Home5GQualcomm seeks to remake physical retail – as touchless, frictionless and filled with IoT

Qualcomm seeks to remake physical retail – as touchless, frictionless and filled with IoT

Qualcomm Technologies has identified physical retail as a key growth sector for its IoT chip business. The sector has been severely impacted by the Covid-19 pandemic, it said, and requires urgent and drastic attention. Retailers can bring a new level of customer experience and operational discipline with the introduction of sundry smart IoT gadgetry, it said.

The San Diego firm is showcasing its wares at the National Retail Federation (NRF) show in New York City this week, embedded into smart displays, smart shopping carts, smart cameras, service robotics, and “shelf edge intelligence” solutions from various original device manufacturer (ODM) partners. “When it comes to interacting and servicing customers, the game plan needs to be revamped significantly,” the company reflected.

It is the same restaurants, hotels, airports, train stations, stadiums, hospitals, and offices, the company said. Post-pandemic, or at least post-lockdown, “customers expect a new level of experience”, it said. A statement acknowledged: “Retailers are [already] integrating key technologies to future proof infrastructures, adapt to changing environments, drive efficiencies and profitability, and meet evolving customer demands.”

But Qualcomm wants to take digital-change pyrotechnics further. It is presenting retail as a primary new-market for semiconductors; it wants to sell to retailers, and retail ODMs, in the way it is already selling in the smartphone, PC, automotive, and wearables market. A helpful ‘vertical’ parallel, or a useful parental category, is its work in the ‘smart cities’ space, which effectively works for Qualcomm as shorthand for urban enterprise-geared IoT tech.

The company’s smart cities accelerator, launched in 2019, brings together sundry tech providers to combine variously on Qualcomm-based as-a-service smart solutions for “modern cities, spaces, and enterprises”. These solutions are indexed and offered as part of Qualcomm’s IoT services suite. Really, retail might be considered as another Qualcomm edge-locale for new IoT gadgetry, alongside offices, stations, stadiums, and other venues.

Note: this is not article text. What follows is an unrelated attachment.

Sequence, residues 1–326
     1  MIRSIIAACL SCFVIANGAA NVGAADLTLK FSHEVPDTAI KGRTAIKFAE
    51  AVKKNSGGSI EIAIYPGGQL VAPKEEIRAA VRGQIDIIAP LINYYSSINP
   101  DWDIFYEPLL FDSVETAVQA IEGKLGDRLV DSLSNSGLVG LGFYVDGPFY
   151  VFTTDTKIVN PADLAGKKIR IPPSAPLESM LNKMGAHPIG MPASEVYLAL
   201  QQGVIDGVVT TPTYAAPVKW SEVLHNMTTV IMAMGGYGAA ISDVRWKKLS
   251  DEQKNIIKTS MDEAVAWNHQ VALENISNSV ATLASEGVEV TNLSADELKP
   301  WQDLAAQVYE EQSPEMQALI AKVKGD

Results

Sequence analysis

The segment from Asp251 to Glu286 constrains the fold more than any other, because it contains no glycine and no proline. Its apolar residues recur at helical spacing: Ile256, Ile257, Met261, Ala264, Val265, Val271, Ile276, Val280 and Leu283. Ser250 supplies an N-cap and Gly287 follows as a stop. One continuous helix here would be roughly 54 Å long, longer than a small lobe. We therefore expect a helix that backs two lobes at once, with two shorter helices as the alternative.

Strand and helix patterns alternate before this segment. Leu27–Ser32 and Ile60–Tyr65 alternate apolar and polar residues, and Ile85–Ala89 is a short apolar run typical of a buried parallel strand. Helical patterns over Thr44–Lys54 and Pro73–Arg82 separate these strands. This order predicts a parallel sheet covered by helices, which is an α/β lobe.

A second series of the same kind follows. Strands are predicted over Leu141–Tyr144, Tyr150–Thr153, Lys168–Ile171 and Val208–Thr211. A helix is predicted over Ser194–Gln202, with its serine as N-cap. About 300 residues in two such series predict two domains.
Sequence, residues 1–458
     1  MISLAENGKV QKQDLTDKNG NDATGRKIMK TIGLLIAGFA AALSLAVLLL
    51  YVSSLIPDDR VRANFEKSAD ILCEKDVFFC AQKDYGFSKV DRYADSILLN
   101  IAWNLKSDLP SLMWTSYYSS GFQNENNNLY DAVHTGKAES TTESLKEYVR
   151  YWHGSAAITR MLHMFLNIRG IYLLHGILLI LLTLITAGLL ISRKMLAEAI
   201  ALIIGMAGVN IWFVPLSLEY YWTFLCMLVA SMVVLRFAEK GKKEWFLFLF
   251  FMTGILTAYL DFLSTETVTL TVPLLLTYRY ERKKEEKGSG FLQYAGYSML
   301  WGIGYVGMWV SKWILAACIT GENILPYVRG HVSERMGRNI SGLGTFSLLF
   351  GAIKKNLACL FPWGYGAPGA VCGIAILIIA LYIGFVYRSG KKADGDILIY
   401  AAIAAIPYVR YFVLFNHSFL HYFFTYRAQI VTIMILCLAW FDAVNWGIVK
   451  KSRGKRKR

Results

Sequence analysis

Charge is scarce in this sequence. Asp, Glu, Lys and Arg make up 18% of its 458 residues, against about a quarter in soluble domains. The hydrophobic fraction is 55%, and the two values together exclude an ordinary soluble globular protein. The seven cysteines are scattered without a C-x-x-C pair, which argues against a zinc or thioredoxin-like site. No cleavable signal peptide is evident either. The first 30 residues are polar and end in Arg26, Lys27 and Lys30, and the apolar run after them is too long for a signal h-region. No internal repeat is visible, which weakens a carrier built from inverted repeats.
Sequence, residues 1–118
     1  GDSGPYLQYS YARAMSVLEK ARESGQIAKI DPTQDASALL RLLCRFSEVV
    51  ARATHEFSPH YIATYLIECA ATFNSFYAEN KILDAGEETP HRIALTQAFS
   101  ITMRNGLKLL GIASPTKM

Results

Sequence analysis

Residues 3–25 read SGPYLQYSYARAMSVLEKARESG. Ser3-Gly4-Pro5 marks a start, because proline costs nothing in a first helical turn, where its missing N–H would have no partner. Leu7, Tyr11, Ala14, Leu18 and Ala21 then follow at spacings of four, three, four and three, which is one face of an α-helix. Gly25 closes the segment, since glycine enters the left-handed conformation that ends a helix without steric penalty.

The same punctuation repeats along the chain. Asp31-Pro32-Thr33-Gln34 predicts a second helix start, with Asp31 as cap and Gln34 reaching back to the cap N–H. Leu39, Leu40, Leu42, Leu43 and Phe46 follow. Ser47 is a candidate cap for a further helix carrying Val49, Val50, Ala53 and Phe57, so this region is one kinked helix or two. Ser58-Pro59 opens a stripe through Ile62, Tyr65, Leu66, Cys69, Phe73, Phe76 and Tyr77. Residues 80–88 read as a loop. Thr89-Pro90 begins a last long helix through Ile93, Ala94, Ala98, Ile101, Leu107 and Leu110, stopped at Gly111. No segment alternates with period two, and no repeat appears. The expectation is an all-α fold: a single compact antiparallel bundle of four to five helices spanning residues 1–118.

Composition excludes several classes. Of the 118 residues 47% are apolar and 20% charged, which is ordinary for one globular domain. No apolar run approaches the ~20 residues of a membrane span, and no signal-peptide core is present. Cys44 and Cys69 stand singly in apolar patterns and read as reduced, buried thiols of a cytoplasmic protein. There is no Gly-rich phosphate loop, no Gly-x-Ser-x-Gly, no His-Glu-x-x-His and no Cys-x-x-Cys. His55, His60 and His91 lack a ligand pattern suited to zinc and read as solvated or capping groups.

A little over a year ago, Qualcomm released a ‘super-30’ suite of services that pulls together full-stack tech IoT componentry into a modular plug-and-play IoT solution for cities and city-based ‘verticals’. The chip-maker declared it has “cracked the code” for smart cities with the bundle, on the grounds it removes complexity from the bargain, and introduces a practical money-making matrix for tech sellers and tech buyers to rationalise their investments.

In Powerpoint-style, it has revealed “four pillars” for changing retail with IoT tech, whether based on new-fangled cellular (including private 5G, also mentioned in the small print about connectivity tech), or (more) common-or-garden Wi-Fi and BLE. These are: “contactless experiences, instant gratification, frictionless flow, and omnichannel support”. Its NRF show promotes IoT gadgetry for three groups: the customer (to “drive loyalty”), the store associate (to “digitize all workflows”), and the business itself (to “save time and money”).

Among the “cutting-edge” retail solutions aimed at shoppers themselves, it is hawking smart displays with biometric and AI technology for customer loyalty and payment devices, smart shopping carts and personal shopping devices for frictionless checkout, immersive multimedia displays with innovative user interfaces. Among those for store staff, it is showing service robotics, and advanced handheld mobile computers.